Tagata Pasifika

The Pacific voice on
New Zealand television
since 1987

Tagata Pasifika

The Pacific voice on
New Zealand television
since 1987

From red to green – Fa’anānā back in the political arena

Public Interest Journalism funded through NZ On Air
Photo: Simon Maude/Stuff
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Gladys Hartson | Senior Journalist

Former Auckland City mayoral hopeful and Manukau Ward councillor Fa’anānā Efeso Collins has secured a spot relatively high on the Green Party list for the 2023 general elections.

The list is a draft and ranks Fa’anānā at number 12 from a list of more than 32 potential candidates. It will go to a membership vote before the final list is published near the end of May, where there could be some movement in rankings.

However, on current polling, Fa’anānā’s position puts him close to the cusp of becoming an MP.

Fa’anānā’s spent much of his career in local body politics under the Labour Party banner or with the party’s endorsement.

Speaking with reporter John Pulu, earlier this week, he says he is honoured and humbled to get the nod from the Green Party.

“I see it as a real expression of trust and confidence in me to be able to serve them the way I continue to serve the community,” Fa’anānā says.

The father of two says the key pillars of the Green Party were similar to what he campaigned on during the Mayoralty race, describing it as a natural fit.

“Deep ambition and aspiration, dealing with inequality and getting charged up when it comes to climate action and ensuring we are looking after the environment,” he says.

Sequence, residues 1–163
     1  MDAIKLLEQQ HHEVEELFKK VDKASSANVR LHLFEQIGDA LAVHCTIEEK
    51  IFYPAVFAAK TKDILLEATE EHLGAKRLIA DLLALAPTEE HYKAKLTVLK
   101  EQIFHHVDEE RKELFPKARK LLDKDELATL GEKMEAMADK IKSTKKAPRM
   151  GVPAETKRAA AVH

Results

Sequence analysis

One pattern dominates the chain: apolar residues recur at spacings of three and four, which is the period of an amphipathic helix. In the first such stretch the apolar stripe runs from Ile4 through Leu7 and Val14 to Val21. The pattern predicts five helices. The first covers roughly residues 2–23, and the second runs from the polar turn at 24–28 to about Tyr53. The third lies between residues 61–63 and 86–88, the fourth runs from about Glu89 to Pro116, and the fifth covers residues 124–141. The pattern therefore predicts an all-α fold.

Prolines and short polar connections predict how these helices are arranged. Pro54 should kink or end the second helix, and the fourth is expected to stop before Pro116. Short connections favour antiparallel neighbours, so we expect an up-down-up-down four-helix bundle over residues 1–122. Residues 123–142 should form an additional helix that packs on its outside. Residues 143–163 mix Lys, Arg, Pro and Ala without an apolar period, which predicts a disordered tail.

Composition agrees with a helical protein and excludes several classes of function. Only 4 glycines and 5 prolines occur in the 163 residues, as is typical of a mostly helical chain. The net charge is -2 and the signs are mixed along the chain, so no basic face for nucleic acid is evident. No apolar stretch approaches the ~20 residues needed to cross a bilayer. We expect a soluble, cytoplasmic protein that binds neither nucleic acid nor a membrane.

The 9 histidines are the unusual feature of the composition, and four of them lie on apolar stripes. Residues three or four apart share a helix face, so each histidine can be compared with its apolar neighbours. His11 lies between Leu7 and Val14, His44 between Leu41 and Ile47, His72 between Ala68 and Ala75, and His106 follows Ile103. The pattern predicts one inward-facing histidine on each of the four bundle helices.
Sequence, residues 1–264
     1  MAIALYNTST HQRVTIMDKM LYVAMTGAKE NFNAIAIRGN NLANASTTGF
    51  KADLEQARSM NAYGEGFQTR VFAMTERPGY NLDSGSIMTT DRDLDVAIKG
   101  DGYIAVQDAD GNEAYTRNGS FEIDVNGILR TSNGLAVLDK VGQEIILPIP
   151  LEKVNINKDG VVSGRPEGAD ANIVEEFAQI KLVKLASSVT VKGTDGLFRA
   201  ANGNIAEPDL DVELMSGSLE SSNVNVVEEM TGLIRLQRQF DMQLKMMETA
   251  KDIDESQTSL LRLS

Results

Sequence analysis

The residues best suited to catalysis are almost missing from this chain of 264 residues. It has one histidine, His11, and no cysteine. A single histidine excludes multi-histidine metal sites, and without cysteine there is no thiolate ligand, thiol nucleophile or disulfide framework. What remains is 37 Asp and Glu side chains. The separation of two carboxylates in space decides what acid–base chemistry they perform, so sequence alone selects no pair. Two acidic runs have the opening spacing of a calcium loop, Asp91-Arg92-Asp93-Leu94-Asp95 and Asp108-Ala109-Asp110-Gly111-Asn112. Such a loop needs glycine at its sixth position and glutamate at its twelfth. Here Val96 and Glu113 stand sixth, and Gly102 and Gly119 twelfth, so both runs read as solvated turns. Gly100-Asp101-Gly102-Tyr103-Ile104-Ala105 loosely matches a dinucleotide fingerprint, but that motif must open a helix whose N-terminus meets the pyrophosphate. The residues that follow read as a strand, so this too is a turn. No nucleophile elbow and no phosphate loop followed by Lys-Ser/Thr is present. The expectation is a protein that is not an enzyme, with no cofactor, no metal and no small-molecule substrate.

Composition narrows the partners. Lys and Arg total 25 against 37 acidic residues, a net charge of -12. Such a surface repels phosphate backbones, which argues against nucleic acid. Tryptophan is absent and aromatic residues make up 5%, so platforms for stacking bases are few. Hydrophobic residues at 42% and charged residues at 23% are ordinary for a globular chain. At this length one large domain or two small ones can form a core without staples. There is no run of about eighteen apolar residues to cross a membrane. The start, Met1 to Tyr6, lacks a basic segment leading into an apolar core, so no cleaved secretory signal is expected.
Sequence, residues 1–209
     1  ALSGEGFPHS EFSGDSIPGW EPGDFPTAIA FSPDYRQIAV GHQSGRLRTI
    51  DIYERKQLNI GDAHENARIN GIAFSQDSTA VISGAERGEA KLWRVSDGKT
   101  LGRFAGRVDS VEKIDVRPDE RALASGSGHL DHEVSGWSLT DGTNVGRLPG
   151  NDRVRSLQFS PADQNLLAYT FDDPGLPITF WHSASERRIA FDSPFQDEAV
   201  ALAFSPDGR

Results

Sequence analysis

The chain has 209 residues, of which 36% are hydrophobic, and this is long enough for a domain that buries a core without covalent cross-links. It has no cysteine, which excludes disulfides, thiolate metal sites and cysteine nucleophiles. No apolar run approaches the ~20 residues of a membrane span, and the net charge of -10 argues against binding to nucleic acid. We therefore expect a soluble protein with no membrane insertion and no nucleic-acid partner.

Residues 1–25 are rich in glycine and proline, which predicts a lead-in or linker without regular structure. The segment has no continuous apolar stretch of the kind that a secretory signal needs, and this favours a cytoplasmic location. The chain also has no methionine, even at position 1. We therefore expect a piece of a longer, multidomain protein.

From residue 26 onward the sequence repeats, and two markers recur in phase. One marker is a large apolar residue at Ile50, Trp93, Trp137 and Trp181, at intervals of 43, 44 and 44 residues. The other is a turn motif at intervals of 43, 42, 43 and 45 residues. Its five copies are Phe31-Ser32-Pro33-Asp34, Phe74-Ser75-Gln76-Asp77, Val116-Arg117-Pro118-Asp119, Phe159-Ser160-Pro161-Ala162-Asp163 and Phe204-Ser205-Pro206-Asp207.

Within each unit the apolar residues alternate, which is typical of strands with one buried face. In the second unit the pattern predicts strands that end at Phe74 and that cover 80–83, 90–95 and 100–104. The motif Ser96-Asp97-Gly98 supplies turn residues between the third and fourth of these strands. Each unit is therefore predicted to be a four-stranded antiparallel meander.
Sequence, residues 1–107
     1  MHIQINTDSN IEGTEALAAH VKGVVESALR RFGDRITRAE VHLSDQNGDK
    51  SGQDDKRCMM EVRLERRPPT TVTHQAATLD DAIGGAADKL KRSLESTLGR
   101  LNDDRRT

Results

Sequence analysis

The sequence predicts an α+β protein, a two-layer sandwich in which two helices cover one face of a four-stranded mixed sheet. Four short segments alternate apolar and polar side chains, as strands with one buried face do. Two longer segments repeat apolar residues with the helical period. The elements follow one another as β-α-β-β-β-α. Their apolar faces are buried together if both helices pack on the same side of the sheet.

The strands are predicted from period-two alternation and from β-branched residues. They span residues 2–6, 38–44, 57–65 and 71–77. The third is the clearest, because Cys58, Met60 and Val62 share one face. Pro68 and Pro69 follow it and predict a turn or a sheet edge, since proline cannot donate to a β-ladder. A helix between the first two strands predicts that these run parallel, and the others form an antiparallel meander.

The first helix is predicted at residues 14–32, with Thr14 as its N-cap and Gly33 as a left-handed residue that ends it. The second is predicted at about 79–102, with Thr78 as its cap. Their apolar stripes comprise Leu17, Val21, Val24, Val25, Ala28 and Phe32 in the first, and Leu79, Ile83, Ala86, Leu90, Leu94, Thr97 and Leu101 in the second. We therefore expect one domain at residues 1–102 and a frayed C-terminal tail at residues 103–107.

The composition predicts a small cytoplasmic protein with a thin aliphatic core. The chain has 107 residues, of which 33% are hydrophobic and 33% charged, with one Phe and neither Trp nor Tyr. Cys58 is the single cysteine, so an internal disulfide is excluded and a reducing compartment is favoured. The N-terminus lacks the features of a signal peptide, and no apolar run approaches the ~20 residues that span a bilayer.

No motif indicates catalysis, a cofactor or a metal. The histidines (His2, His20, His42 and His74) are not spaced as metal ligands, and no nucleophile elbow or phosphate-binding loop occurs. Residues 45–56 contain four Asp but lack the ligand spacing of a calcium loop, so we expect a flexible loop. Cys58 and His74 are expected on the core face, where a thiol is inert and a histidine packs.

Housing transiency, housing unaffordability, low rates of social housing are some of the areas Fa’anānā will campaign on and he is well aware of the impact these issues have, not only the wider community, but for Maori and Pacific.

He says his focus during the campaign will be to bring awareness to the community about what the Green Party stands for.

“I want people to think seriously when it comes to voting for the Greens… it’s important we walk the talk when it comes to tackling the implications of rising sea levels for the Pacific and the increase of climate refugees from Pacific Island States in the future.”

Issues that are closer to home, Fa’anānā says, “we have to get our young people through schooling, to ensure they are moving into good jobs, good training opportunities.

“Strong advocacy is going to be needed at the government table in order for us all to flourish,” he adds.

Of Samoan and Tokelauan heritage, Fa’anānā is well aware of the work he has in front of him in the lead up to election day, October 14.

He is hoping that the party will also confirm his candidacy in the coming weeks to stand in the electorate of Panmure/Otahuhu. The seat formerly known as Manukau East has been held since 2014 by Labour MP Jenny Salesa.

Fa’anānā says he is excited by the prospect to stand in the electorate he and his wife Fia and their two children call home. While the seat is considered a safe seat for Labour, Fa’anānā says it gives the community a chance to see there are other options.

Also of Pacific heritage and representing the Green Party is current list MP Teanau Tuiono.

Ranked at number six, the Greens spokesperson for the Ministry for Pacific Peoples will contest the seat for Palmerston North.

Fa’anānā says this election is a significant one and encourages people to register and make their vote count. He says he is excited to campaign on the policies and work for what the Green Party stands for.

“Here is someone who has a strong advocacy record, and people know I have been a councillor, people know me. I shop locally, my children go to school locally. I think it’s important you’ve got someone local, a strong local voice.”

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